Over half of the beginning calculus students in Pences study failed the course. This is as common as it is disastrous, and appears to be due, at least in part, to poor preparation. Pence found that many students understandings of the basic operations of multiplication and exponentiation are not sufficiently well developed to allow the students to succeed in calculus. White and Mitchelmore found that many students concepts of variable are similarly weak, and are substantially impeding the students efforts to learn calculus. Orton found that ratio, proportion, graphs, and tangents, basic concepts on which understanding of rate of change is constructed, are poorly understood by many students.
Fortunately, this research goes further than simply documenting the problem of poor preparation and its subsequent ill effects on students performance in calculus. Nemirovsky and Rubin found that students tend to expect a function and its derivative to resemble one another in a variety of ways, but they also found that students could make substantial progress in replacing this resemblance approach to the derivative with a more appropriate variational approach after only 150 minutes of instruction. Similarly, Tall found that, although students had a concept of a generic tangent that was inconsistent with the concept of tangent needed for the development of the derivative as the slope of a tangent, with appropriate instruction the students were able to develop a concept of tangency that would support study of the derivative. In addition to these two studies showing how instruction may help students overcome obstacles to learning calculus, we have the studies by Hauger that document how students use the knowledge they do have to reason effectively about rate of change.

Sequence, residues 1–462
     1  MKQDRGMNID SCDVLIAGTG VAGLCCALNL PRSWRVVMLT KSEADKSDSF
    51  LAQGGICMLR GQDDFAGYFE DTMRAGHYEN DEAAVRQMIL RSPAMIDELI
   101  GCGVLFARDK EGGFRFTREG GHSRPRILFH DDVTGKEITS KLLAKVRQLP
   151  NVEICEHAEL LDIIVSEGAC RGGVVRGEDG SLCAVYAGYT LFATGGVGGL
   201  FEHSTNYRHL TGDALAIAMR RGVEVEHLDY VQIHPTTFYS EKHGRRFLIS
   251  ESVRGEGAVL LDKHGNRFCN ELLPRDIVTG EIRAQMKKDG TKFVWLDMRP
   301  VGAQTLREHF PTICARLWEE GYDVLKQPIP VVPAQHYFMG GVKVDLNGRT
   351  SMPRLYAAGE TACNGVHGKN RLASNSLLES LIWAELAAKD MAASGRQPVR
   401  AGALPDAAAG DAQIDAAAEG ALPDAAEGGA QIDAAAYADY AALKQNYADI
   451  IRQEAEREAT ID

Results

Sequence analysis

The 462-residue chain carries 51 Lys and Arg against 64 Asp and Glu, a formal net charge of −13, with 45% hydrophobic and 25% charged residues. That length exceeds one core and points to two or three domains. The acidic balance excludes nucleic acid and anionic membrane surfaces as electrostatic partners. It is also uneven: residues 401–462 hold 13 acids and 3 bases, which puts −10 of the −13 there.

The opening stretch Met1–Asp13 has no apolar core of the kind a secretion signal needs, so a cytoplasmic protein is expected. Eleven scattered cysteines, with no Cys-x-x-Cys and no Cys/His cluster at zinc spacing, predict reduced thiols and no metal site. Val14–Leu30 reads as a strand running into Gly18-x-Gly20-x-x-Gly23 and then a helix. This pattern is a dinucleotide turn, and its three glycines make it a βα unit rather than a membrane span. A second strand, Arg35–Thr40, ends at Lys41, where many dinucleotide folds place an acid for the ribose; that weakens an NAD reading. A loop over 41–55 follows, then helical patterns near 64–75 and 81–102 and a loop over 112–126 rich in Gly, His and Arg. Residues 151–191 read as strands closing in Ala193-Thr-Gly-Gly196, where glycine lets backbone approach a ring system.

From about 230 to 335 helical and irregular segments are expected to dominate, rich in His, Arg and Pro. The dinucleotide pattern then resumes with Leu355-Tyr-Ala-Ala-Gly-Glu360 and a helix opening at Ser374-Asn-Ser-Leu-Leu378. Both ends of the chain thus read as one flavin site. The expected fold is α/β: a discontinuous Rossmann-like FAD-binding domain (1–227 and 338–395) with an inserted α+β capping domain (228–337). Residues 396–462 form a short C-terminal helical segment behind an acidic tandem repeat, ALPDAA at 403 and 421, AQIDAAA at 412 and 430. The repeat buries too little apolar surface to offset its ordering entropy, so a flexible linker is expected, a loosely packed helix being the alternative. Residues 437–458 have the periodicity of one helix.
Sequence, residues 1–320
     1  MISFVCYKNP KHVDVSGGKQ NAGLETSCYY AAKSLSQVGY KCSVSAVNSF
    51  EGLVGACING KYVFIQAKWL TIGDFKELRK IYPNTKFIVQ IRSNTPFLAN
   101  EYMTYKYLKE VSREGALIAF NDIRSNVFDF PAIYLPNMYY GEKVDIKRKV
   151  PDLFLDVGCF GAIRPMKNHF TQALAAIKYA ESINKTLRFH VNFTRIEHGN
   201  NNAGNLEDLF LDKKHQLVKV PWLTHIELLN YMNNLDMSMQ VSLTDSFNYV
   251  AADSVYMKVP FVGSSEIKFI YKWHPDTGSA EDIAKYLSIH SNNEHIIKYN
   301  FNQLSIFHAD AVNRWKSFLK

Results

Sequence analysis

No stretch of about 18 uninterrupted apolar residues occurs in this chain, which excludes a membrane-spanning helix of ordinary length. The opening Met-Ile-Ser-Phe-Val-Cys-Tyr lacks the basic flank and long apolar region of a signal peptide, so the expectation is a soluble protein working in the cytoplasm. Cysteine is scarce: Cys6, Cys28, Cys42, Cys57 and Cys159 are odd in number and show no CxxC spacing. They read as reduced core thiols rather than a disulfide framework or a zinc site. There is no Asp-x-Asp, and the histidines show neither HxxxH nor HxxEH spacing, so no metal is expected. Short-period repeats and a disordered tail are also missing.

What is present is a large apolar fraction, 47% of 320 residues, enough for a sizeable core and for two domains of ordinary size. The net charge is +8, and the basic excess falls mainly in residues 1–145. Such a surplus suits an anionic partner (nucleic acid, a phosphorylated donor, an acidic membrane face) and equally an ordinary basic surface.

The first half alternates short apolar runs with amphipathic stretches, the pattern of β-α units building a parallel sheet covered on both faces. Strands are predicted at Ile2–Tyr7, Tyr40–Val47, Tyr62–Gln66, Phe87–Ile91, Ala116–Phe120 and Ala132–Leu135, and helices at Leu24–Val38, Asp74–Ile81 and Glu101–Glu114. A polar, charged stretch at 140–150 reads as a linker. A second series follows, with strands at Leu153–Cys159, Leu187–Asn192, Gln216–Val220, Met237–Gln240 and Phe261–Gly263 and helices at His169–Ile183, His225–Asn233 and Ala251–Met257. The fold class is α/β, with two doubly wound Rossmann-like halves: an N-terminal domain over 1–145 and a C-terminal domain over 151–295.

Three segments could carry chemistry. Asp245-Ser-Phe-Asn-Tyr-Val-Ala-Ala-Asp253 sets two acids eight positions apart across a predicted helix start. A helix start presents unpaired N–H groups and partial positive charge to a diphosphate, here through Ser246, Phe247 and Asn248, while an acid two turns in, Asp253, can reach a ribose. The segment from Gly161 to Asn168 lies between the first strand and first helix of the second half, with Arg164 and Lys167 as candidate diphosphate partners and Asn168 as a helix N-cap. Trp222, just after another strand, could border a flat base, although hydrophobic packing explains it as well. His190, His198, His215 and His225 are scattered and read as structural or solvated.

Together, these studies show us where some of the problems are and what some of the solutions might be. As Orton states so clearly, we need to start addressing the problems of calculus instruction in grade school, giving the students more opportunities to work with graphs and rates of change. From the work of Pence and White and Mitchelmore, we see that concepts of variable and operations are also vital but weak, which suggests that these topics also should receive more attention in earlier courses. Once students begin a calculus course, Tall and Nemirovsky and Rubin have shown how instruction can be designed to help students develop the necessary concepts of tangent and the relationship between a function and its derivative. Hauger helps us to begin to see how students reason about rates of change, which moves us closer to developing more effective instruction. These studies give us enough information to improve instruction today, and suggest new directions for future research.
Clement, J., Mokros, J. R., & Schultz, K. (1985). Adolescents Graphing Skills: A Descriptive Analysis. (Technical report number TERC-TR-85-1). Cambridge, MA: Educational Technology Center.
Hauger, Garnet Smith (1995). Rate of change knowledge in high school and college students. Paper presented at the Annual Meeting of the American Educational Research Association, San Francisco (April).
Hauger, Garnet Smith (1997). Growth of knowledge of rate in four precalculus students. Paper presented at the Annual Meeting of the American Educational Research Association, Chicago (March 24-28).
Monaghan, John (1991). Problems with the language of limits. For the Learning of Mathematics, 11, 3, 20-24.